These Corinthians have a deep and long-term impact on Paul’s mission and his theology. Corinthians can be considered a proclamation of his battle with Jews who disagree with his mission, for in Jews’ eyes, he is the traitor of God’s will as well as his Jewish identity with his proposal to abolish some Jewish observances such as circumcision for gentiles. They perceive this behavior as a sinful and unforgivable obstruction of God’s mission. However, Paul’s intention of writing those letters is to illustrate that the whole ambition and church’s business are based on the conviction that the advent of the eschatological kingdom of God has brought about a new socio-economic order. The appropriate towards the changing world is to conform to the new rules where God’s will and preference presents. If old-fashioned habits and customs cannot be abandoned, how could it be guaranteed that people do certain things in accordance with God’s design? One of the most apparent examples is that it is dependent on nothing more than faith itself with the hypothesis that god’s verdict in favor of an individual comes to effect through his faith. He repeats in his letters that a man is not justified by works of law except through faith in Jesus Christ. We are justified not only through faith in Christ but from faith in Christ. Faith in Christ is the only sufficient and necessary response that God looks for in justifying anyone. With the gospel, God does not abandon people to their destined and certain death, which he must conduct in the last judgment, but intervenes creatively in the history. Once old rules are broken or breached, new ones should be founded. This serves as a ground for Paul to point out his novel ideas on economic, moral and ethical aspects in terms of principles of Christian churches and followers.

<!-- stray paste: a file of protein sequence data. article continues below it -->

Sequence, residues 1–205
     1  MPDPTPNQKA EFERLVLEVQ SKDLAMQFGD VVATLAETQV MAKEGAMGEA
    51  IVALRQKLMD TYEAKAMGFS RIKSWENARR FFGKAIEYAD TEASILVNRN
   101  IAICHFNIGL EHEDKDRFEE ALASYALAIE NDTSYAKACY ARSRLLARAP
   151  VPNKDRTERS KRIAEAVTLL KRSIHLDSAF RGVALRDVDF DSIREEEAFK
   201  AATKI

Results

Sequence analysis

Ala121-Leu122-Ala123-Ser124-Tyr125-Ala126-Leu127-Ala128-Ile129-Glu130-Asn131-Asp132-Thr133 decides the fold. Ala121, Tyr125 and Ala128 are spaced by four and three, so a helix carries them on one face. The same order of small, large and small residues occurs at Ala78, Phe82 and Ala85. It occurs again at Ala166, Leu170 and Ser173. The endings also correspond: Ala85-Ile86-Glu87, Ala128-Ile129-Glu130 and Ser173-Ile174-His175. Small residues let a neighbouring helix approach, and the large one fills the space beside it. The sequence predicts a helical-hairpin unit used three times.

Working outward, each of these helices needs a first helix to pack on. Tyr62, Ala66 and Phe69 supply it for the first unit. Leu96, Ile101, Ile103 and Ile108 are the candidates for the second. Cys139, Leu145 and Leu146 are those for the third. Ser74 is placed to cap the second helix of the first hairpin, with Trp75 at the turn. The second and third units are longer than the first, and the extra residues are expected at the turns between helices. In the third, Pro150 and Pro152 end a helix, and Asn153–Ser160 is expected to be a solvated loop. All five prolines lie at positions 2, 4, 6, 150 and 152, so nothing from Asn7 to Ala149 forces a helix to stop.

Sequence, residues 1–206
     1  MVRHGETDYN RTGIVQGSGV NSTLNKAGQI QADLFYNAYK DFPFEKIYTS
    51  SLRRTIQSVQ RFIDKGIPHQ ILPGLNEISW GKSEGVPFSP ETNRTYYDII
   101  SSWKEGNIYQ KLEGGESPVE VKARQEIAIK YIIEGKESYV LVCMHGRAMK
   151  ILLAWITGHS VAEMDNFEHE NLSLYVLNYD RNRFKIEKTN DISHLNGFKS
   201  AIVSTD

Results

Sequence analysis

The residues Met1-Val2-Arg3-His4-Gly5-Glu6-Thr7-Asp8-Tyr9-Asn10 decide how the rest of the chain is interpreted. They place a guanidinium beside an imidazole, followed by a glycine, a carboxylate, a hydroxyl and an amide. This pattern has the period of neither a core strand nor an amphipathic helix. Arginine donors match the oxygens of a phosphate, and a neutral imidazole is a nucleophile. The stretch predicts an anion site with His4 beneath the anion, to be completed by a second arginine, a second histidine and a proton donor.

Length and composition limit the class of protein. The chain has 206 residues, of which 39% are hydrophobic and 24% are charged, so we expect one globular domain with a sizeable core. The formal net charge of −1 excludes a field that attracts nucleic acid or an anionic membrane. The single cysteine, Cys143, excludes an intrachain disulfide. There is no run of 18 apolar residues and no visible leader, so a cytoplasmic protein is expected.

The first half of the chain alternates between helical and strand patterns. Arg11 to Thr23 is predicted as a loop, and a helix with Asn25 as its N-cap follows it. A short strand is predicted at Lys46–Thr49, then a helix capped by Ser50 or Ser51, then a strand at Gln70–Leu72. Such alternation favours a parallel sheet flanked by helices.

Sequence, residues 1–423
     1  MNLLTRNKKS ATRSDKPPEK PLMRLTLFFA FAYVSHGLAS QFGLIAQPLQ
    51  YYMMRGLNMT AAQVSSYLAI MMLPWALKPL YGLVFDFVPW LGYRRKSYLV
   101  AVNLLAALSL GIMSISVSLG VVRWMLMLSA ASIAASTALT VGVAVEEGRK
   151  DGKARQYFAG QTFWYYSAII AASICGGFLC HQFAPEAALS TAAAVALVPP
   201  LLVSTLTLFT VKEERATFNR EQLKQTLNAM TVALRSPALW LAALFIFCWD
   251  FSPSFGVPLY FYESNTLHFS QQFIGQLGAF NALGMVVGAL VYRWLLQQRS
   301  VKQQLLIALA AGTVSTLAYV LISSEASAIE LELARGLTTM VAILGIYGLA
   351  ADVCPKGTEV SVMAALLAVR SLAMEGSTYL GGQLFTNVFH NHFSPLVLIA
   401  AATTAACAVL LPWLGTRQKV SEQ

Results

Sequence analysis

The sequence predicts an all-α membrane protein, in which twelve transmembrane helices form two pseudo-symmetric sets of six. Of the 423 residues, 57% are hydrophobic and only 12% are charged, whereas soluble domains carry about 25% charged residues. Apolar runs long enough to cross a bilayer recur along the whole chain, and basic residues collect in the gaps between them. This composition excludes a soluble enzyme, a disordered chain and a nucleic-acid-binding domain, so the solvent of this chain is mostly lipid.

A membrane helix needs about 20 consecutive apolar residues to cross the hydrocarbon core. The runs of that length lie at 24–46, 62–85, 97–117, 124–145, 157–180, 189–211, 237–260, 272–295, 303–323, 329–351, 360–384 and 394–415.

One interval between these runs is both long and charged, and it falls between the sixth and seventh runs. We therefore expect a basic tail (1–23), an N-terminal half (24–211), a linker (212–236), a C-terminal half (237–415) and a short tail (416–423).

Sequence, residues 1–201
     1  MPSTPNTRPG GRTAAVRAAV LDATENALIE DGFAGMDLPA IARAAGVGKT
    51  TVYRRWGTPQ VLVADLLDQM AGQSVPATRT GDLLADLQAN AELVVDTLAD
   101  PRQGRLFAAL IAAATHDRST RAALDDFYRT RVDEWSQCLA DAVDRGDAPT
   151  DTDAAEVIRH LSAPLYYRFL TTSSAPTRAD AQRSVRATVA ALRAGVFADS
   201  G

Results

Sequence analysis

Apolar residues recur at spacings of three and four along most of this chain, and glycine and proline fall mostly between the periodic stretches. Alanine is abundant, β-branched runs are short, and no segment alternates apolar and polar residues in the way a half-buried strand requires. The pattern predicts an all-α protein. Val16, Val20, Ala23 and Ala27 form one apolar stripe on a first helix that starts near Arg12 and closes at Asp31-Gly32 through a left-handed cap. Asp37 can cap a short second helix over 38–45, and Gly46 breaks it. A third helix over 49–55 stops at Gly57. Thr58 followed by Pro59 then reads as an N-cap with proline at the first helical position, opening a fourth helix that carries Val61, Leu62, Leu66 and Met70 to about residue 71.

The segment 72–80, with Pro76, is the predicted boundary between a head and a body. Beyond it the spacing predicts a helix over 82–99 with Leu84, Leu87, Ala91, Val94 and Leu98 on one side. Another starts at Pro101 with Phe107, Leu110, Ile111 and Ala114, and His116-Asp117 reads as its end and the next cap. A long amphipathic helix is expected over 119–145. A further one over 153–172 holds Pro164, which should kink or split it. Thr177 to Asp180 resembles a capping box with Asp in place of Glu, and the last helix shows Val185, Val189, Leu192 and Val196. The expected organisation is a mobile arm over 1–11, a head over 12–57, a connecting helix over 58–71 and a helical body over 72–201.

In contrast with the traditional picture of Paul as a dichotomy supporter who introduces religious innovations to Judaism and leads to early Christianity’s breaking with Judaism, a new perspective can be accepted that Paul is not a Christian critiquing Judaism who seems hold plenty of hostility and dissatisfaction towards Judaism and make it his own responsibility of Christianity’s completely remove from Judaism. Rather, he addresses issues of social, ethnic, and cultural difference and group identity and solidarity from his Jewish perspective. For example, he lays emphasis on the absolute purity and innocence of the morals in Cristian churches. In this frame, Paul’s thinking about faith, the Law, Gentile salvation, and Christology has its home in Jewish thought. The value and innovation in light of ethics and morality as well as the interpersonal communications and social operation to some extent are deliberately ignored or outshined by its religious meaning. With this kind of new and fresh thoughts, Paul speeds up his mission of attracting more and more gentiles to converse to Christianity. His winding and abundant experiences and the inner complicity in his identities which has further shaped his characteristics as well as thinking method enabled him to stand as a leading figure under unstable and disturbing social circumstances to publicize his doctrines and to make Christianity popular and charming. In another word, the heaviness and toughness of Paul’s mission has determined his life fraught of controversies and battles.